by B.B. Pelletier
A reader requested this post, but in truth I really wanted to do it anyway. Pyramyd Air calls this kind of pellet trap the AGE Quiet Pellet Trap, but everywhere else it’s called a silent pellet trap.
Robert Beeman deserves credit for developing the silent trap back in the 1970s. He made it attractive, so shooters would be proud to hang it on their walls. And it was never cheap. Even back in the 1970s I believe they cost $39.00, which was a lot of money. Today they cost even more. So, what are they and are they worth the price?
How it works
The heart of the silent pellet trap and the thing that makes it work is a material called duct seal. Used in the heating and ventilation trade to seal air passageways, duct seal is a dense, semi-sticky material that may look and feel like modeling clay on first inspection. But modeling clay isn’t as dense as duct seal and cannot do the job of stopping pellets as well. What stops the pellet is the duct seal’s density and resistance to deformation.
The problem is, duct seal isn’t cheap! You buy it by the pound and it takes several pounds to fill a trap. My trap, for instance, is 6 by 9 inches and has 9 pounds of duct seal in it. That makes a depth of about two inches when the material was new, but now it has so many thousands of pellets buried in it that the depth is more like three inches.
When I built my trap I decided to back the duct seal with a steel plate. That way, if a pellet made it through all the material and still had some energy, a thin plate of steel would stop it from penetrating the back of the trap and doing damage. For the steel plate, I cut up a cookie sheet, which got me into eternal trouble with my wife, who apparently was not finished using that sheet. In theory my idea was good, but in practice it had a major flaw.
My trap is homemade and ugly, but it has been in constant use since new and it’s still working fine.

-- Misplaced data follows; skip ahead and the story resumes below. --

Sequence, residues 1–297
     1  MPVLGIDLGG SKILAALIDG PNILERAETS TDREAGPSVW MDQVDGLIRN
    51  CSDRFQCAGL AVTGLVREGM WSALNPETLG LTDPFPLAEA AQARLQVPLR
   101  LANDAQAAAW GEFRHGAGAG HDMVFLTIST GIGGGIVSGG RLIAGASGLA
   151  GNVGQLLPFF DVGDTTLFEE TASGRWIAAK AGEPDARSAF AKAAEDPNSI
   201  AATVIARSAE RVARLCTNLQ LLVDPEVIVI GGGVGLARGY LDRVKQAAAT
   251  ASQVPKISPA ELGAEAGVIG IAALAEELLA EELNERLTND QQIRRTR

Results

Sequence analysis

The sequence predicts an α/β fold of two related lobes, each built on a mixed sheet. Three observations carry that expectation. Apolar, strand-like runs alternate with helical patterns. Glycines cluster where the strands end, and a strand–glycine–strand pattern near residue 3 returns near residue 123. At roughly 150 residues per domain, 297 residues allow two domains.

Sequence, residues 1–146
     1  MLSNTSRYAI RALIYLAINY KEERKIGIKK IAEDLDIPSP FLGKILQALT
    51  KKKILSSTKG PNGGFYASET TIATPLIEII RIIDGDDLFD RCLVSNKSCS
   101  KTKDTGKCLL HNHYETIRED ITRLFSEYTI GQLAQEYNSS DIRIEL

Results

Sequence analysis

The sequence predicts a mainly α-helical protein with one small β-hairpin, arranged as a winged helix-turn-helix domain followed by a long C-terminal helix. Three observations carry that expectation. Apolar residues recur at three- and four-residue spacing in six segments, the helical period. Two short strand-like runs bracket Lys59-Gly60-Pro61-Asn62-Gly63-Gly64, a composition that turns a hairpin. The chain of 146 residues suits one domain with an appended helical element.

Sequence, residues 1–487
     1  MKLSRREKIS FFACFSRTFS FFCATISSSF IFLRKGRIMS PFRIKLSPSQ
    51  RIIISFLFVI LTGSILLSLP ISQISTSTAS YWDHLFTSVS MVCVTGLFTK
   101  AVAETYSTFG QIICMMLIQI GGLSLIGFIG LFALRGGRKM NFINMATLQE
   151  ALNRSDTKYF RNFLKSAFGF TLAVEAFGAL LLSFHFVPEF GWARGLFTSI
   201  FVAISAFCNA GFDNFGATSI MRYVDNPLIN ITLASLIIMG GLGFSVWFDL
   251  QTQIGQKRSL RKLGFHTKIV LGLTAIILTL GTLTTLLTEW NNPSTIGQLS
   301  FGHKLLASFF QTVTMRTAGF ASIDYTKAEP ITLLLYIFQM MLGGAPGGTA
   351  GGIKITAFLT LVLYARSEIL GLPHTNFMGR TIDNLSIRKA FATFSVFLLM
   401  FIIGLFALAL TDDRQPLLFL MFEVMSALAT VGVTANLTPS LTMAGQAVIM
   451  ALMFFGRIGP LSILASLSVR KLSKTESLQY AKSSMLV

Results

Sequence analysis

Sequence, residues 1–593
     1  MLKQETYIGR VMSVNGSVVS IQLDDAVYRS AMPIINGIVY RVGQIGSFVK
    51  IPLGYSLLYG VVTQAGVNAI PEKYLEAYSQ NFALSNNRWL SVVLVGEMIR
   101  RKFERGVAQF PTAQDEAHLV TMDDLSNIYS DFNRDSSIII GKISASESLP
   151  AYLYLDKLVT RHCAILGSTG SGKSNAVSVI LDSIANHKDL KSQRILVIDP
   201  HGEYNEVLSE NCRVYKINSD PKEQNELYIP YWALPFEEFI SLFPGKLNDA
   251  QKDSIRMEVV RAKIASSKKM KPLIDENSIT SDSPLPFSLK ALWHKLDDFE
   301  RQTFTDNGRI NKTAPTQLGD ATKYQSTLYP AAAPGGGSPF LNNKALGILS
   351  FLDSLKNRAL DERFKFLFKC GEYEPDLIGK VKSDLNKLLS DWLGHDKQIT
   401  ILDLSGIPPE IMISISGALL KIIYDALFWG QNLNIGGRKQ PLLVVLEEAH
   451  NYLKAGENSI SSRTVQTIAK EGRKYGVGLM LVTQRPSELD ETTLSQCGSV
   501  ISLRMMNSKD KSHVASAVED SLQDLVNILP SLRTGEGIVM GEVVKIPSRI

Do silent traps even NEED this steel plate? The answer depends on how you use them. I originally made my trap to stop pellets from guns producing 20 foot-pounds at the muzzle. The steel plate was included to give insurance against the few (I thought) shots that would be above that limit. In practice, however, I find myself using the target with guns that produce as much as 35 foot-pounds and it’s still okay. The reason why might surprise you.
A “seasoned” trap
In the beginning I tried to keep my trap clean and faithfully dug out each and every pellet that impacted the duct seal. Then I became lazy – or rather I was shooting so much that it proved impossible to keep up with the cleaning. Robert Beeman had written that if you let the pellets accumulate they would fuse into a large mass of lead that would be easier to pry out of the duct seal when the time came. What I found, though, was that they don’t really do that. They remain individual pellets, but they raise the overall level of duct seal in the trap! And what that means is that the old pellets become a layer of lead that help stop new pellets from penetrating. In other words, they make their own metal penetration shield.
A reader asked recently how many shots he could expect from a silent trap before it had to have its duct seal (the most expensive component) replaced. I told him my trap has about 50,000 on it and I still use it all the time. But I wondered whether he believed me, so I thought I’d show you all what a well-used silent trap looks like.
My trap is screwed together, rather than nailed. I felt it would better withstand the shock of repeated impacts. Note the slight gap between the backer board and the trap frame. There’s a steel cookie sheet screwed to the frame at that point!
I will finish this report on Monday.